Home Massachusetts Plymouth Colony Drafts the First Laws in North America

Plymouth Colony Drafts the First Laws in North America

The first written ones, that is


Democracy formally took root in colonial North America on Oct. 4, 1636, when Plymouth Colony drew up the first written legal code on the continent.

Plymouth Colony was settled in 1620 by Anglicans and Separatists, also known as Brownists, and later known together as the Pilgrims. The Pilgrims believed God commended them to adopt democracy as their form of government. And that government should enforce religious belief.

A typical house in Plymouth Colony, recreated at Plimoth Patuxet.

By 1636, Plymouth Colony had fewer than 3,000 inhabitants. The Massachusetts Bay Colony would eventually eclipse it in wealth and population and absorbed the entire colony.

In the beginning, the laws of Plymouth Colony only carried the weight of a proclamation by  the General Court. But in 1636 the court put them into a code known as the “General Fundamentals.”

Plymouth Colony Bill of Rights

The legal code included a rudimentary bill of rights and guaranteed trial by jury. It levied taxes, decreed the distribution of land and set out punishments for specific crimes.  Several crimes carried the death penalty: treason, murder, witchcraft, arson, sodomy, rape, bestiality, adultery, and cursing or smiting one’s parents.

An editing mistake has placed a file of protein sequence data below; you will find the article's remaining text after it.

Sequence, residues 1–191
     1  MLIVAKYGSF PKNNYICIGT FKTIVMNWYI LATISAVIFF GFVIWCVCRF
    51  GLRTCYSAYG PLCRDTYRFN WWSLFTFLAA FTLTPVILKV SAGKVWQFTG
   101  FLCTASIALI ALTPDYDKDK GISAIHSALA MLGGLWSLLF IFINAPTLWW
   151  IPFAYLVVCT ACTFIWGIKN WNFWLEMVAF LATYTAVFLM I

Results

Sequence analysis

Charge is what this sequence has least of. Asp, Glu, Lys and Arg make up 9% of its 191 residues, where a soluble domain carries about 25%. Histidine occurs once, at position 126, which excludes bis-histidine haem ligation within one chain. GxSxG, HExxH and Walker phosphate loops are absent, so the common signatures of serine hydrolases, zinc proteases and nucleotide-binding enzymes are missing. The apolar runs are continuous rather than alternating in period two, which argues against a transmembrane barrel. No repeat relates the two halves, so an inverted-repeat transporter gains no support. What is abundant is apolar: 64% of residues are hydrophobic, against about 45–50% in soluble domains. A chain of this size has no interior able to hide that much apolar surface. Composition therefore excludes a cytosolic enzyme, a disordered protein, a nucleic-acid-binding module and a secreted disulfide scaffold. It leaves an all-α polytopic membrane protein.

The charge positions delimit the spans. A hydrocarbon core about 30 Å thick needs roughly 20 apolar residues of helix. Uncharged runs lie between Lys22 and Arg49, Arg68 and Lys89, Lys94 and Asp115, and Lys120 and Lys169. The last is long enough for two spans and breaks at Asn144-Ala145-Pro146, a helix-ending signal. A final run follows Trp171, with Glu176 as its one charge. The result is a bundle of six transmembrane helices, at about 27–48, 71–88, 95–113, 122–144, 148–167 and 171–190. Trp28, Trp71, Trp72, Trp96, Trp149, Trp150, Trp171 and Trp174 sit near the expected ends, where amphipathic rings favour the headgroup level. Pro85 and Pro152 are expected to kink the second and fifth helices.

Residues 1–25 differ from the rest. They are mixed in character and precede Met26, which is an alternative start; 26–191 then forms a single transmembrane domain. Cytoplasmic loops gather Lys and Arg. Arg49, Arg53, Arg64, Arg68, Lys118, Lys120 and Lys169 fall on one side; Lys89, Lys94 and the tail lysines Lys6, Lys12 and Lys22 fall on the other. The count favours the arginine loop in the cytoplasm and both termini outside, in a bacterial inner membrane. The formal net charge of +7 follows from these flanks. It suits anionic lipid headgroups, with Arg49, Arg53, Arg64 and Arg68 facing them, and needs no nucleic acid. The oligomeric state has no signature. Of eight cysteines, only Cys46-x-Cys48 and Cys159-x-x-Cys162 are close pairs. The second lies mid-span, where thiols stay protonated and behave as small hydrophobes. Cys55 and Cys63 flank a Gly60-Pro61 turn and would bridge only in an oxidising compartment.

The Book of the General Laws of the Inhabitants of the Jurisdiction of New-Plimouth

Plymouth magistrates, however, rarely meted out the death penalty. Only one sex crime ever resulted in an execution: Thomas Granger in 1642 for bestiality.

Edward Bumpus received a death sentence for “striking and abusing” his parents in 1679. But he received only a severe whipping due to his insanity. The alleged killers of a Praying Indian named John Sassamon in 1675, which set off King Philip’s War, also received the death penalty. 

Rules for Adultery

Convicted adulterers were to be punished by wearing the letters ‘A’ and ‘D’ sewn on to their garments. Nathaniel Hawthorne, of course, used that in his short story, The Scarlet Letter. Anyone convicted of burglary got the letter ‘B’ branded onto his hand. Profanity got you not more than three hours in the stock. Whipping or a fine of 40 shillings went to those who traveled, worked or participated in sports on the Sabbath.

Watching their language.

The General Fundamentals began with a preamble that declared “the associates of the Colony of New Plimouth” as “free born subjects of the kingdom of England.” As such, they had all the privileges of Englishmen. They didn’t have a charter, but believed that God wanted democratic government.

The first article  of the General Fundamentals was a declaration of self-rule, stating,

That no act, imposition, law or ordinance be made or imposed upon us at present or to come, but such as has been or shall be enacted by the consent of the body of freemen or associates, or their representatives legally assembled; which is according to the free liberties of the freeborn people of England.